Look Out Academy Awards — Redstone is Hot on Your Toes
Written by Alexandria Lima | Posted by: erin
For professionals toiling in the cut throat world of film, the moment of all moments is likely to be when the announcer hands them that shiny little Oscar at the Mecca of motion picture events. That moment is still on Rosita Lama-Muvdi’s radar, but for the past year, her eyes had been set on another prize — first place at Boston University’s Redstone Film Festival. “I remember when I was a freshman at BU, I had gone to my first Redstone. One of my goals ever since was to have a film and win the festival,” the recent BU graduate said. “I don’t know if it’s going to sound right when I say this, but I was so excited that I found and bought a ticket [from Los Angeles to Boston] before I even knew I made the festival.”
In its 29th year, the Redstone Film Festival has become a cornerstone of the BU film community and has students like Lama-Muvdi abuzz all year long. Viacom CEO Sumner Redstone, an honorary BU degree recipient, sponsors the annual event to which dozens of student works from film, television and video production classes qualify, but only six make the final cut.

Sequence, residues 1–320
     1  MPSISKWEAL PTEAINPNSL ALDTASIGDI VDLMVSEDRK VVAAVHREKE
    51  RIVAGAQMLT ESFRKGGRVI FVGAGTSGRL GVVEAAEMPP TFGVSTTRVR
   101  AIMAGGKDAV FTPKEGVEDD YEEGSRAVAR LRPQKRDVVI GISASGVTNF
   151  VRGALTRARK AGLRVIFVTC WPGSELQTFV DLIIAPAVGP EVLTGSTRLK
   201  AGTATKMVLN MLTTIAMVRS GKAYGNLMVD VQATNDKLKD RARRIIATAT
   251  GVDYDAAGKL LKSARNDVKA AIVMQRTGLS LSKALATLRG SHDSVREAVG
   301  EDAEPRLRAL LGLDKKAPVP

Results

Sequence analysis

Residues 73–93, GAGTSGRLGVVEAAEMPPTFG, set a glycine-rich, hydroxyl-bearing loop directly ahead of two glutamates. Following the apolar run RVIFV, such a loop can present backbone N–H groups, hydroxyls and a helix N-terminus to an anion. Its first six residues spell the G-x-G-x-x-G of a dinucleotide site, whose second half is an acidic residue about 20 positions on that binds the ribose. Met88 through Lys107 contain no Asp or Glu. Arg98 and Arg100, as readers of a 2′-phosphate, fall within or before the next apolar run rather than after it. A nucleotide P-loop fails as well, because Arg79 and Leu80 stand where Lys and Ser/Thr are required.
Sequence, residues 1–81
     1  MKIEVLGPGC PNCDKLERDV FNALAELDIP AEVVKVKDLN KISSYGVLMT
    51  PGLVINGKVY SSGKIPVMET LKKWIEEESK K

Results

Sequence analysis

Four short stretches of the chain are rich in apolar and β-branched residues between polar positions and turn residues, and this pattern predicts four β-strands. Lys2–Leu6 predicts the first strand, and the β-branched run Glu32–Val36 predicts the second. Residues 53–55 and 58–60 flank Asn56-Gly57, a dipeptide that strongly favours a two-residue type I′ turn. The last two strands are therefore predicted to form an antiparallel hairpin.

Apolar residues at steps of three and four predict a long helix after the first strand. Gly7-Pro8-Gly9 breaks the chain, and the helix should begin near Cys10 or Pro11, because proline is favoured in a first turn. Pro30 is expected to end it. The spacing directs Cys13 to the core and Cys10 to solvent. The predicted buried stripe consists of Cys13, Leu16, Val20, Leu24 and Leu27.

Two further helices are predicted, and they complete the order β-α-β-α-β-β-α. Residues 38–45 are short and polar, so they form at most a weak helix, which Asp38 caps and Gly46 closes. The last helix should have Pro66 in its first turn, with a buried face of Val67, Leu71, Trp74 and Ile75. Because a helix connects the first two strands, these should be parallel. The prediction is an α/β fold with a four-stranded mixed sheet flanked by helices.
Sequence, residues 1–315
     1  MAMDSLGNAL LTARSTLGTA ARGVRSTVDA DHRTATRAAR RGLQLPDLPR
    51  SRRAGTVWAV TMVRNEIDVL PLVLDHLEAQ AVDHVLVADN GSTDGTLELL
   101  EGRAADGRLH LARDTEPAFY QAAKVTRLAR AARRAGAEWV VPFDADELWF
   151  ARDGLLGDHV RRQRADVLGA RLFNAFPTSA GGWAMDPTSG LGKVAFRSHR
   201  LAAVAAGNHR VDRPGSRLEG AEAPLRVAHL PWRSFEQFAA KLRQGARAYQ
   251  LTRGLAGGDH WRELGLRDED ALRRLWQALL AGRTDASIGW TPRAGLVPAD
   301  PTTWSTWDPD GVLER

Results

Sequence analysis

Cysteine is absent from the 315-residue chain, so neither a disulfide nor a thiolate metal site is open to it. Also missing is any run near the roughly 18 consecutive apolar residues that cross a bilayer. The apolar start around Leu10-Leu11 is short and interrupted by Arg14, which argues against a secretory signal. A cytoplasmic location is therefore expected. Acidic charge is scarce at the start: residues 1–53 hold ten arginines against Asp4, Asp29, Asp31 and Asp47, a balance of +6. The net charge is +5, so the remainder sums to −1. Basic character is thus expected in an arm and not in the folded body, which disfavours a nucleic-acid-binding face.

“You can’t just make a film over the summer and enter it,” Redstone event coordinator Scott Thompson explained. During the second week of January, production and screenwriting graduate students watch all the films and select about 160 minutes of shorts that go on to a judging of industry professionals. These judges (Laura Bernieri, producer of Tin Can Film; Denise Kasell, executive director of the Coolidge Corner Theater; John Stimpson, writer and director) are then left to determine which works will screen at the main event and which three will win.
The same six films also compete in LA at the Redstone Film Festival West, making them eligible for additional cash awards and prizes.
On the night of this year’s Redstone, February 11th, searchlights outside the Tsai Performance Center shined through the night sky and a full house of professors, students, family and friends gathered for the cinematic showcase. The chair of the Department of Film and Television, Charles Merzbacher, kicked off the festival, likening this year’s batch of student works to a fine wine. “This 2009 vintage is top notch,” Merzbacher said. “It’s big, likeable, and easy to drink.”
The crowd seemed to agree, receiving the night’s opener Werewolf Trouble by graduate student Charlie Anderson with laughter. “It’s a dark comedy, but when I wrote it — and I don’t know if this comes across — I sort of intended for it to be a commentary on the way we’re inured by violence in our society,” Anderson said. His film follows a werewolf who, after a killing spree throughout the city, has not transformed back to his normal self. When asked for help, his friends are more concerned with an ongoing bet over the number of dead than fixing the situation at hand.
Despite snagging second place, $1,000 and a screening at the Museum of Fine Arts, Boston on February 26th, Anderson would have liked to have taken top honors. “Obviously, nobody likes to lose. Still, I got something, I won an award and I’m glad I got to the stage I did.”